The US dollar fell Wednesday after the Fed head refused to raise his tone on inflation despite a very solid US jobs number last week.
In a Tuesday session before the Economic Club of Washington, Powell explained that interest rates might be higher than expected if the US economy remains strong. Still, he reiterated that he feels disinflation is underway. The euro last traded up 0.15% at $1.075 after falling to $1.066 in the previous session, its lowest since January 9. It was well above September’s 20-year low of $0.954.
The US dollar index fell 0.181% to 103.121 on Wednesday after falling 0.34% in the previous session.
Sterling rose 0.38% to $1,208, recovering from Tuesday’s one-month high of $1,197.
The greenback went up after Friday’s jobs report, which showed 517,001 more jobs.
The US dollar index hit a one-month high of 103.96 as investors raised expectations about how much the Fed will need to raise interest rates.
Futures on Wednesday indicated that markets expect the Fed funds rate to reach more than 5.12% by June, with a range of 4.51% to 4.76%.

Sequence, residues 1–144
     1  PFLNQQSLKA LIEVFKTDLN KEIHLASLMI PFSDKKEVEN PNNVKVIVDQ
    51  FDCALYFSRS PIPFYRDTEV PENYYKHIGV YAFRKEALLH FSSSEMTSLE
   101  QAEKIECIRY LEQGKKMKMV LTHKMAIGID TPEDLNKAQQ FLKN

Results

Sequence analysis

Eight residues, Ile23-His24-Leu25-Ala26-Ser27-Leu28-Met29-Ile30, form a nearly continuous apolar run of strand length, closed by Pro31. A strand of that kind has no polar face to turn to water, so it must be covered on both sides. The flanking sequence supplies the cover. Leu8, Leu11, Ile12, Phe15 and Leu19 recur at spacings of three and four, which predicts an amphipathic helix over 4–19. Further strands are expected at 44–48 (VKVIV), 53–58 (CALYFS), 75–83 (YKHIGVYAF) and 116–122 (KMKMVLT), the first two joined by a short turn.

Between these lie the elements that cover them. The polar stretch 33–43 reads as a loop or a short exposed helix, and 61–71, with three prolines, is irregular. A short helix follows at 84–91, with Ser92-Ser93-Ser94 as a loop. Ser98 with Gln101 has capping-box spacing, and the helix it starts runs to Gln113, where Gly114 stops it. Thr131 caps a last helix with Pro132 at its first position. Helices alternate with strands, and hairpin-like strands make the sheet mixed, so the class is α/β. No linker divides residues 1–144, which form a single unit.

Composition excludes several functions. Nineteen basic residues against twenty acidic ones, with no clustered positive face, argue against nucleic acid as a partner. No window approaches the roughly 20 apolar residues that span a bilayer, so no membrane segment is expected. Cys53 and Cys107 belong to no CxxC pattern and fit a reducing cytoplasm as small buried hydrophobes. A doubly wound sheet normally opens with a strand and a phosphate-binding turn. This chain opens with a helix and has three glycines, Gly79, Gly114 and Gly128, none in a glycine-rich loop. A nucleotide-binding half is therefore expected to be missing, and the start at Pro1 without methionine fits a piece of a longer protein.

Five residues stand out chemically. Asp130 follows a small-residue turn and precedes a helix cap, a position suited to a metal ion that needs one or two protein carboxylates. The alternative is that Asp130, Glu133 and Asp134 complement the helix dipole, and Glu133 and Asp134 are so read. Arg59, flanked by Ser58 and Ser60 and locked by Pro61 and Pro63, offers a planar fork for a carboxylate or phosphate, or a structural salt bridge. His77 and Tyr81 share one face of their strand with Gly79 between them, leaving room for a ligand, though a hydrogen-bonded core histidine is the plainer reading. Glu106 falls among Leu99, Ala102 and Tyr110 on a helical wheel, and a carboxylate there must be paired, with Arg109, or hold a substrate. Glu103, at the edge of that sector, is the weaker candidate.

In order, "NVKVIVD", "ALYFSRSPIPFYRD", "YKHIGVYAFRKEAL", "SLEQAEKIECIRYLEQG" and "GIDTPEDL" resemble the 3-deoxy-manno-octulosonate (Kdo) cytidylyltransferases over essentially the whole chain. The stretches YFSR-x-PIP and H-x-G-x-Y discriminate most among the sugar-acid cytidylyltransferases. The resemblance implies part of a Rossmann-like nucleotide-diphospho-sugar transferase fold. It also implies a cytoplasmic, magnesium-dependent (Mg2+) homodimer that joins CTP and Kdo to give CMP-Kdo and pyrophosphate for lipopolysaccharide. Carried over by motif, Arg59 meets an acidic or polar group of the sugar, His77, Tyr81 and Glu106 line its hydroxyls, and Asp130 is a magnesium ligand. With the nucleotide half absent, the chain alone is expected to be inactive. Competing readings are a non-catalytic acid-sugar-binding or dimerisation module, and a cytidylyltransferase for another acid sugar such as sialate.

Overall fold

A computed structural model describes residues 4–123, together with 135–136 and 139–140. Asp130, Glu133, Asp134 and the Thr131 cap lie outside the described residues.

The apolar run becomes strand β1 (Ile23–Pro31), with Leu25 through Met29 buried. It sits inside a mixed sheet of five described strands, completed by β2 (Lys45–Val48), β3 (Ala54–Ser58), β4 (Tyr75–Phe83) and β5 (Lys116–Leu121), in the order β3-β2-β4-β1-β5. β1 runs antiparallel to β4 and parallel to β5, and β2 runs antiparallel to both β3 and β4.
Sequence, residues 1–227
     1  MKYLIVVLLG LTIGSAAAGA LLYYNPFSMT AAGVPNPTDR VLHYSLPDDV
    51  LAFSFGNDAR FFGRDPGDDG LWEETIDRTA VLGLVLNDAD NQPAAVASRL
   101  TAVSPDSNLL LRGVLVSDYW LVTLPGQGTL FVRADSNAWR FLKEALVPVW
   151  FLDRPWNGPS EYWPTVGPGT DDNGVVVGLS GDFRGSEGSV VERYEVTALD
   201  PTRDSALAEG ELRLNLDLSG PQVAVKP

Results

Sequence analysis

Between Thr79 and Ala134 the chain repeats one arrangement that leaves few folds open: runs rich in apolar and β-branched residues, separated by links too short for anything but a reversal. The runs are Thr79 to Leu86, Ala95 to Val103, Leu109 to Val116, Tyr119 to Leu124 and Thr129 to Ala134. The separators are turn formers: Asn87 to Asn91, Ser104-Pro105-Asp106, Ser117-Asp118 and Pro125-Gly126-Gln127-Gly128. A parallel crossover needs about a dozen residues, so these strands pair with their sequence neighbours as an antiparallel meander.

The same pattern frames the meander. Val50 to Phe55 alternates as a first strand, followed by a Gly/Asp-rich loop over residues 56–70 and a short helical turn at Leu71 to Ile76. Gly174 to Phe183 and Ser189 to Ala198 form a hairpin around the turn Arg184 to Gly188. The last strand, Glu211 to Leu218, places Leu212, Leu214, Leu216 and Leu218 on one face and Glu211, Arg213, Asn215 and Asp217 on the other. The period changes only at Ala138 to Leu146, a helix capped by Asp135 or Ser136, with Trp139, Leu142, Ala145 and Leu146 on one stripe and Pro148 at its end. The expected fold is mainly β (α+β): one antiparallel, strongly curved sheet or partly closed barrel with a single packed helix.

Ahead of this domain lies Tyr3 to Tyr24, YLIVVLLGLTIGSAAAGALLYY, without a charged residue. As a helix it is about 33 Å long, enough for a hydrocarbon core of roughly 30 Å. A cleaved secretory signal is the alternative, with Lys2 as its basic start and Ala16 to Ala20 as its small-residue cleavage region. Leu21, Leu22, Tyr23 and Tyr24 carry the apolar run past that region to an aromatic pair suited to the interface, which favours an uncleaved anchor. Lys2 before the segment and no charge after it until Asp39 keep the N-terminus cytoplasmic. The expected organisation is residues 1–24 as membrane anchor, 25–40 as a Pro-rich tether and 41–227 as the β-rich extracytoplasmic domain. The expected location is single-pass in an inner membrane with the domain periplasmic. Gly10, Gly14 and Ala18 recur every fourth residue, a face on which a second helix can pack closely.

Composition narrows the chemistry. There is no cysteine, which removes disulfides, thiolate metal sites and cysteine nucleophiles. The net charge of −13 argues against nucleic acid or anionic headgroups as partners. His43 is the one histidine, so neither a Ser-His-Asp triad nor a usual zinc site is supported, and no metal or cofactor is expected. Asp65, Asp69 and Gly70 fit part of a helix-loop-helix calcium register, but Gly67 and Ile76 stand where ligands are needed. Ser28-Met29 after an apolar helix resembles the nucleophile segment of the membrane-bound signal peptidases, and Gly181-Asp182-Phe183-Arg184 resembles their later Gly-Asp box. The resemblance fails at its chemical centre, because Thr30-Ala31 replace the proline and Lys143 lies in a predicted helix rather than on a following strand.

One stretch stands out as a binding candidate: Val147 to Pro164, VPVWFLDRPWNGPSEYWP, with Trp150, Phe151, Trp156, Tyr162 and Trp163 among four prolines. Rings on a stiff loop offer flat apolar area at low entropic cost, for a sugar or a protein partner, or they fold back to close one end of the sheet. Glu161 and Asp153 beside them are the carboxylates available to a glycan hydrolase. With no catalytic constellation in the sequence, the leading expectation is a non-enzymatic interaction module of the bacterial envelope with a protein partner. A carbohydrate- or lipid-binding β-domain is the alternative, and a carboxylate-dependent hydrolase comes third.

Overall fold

Meanwhile, based on prices in derivatives markets, traders expect the ECB to raise rates by the end of the summer to around 3.54% from 2.54% now.
How did other currencies face the US dollar
Elsewhere, the yen experienced a 0.291% rise. The currency traded at 130.68 yen to the dollar after rising 1.23% in the previous session.
Japan’s real wages rose for the first time in nine months thanks to strong temporary bonuses, data showed on Tuesday.
The kiwi gained 0.193% to $0.635, while the Aussie advanced 0.241% to $0.698 after gaining more than 1.3% on Tuesday.
German two-year yields, the most sensitive to changes in interest rates and inflation expectations, rose 11 basis points (bps) to 2.726% in early trade, the highest since January. The last was 2,694. %, marking an 8-bps increase per day.
Peripheral debt was more affected. Italian yields rose for a fourth consecutive day, rising 14 bps to 3.335%.
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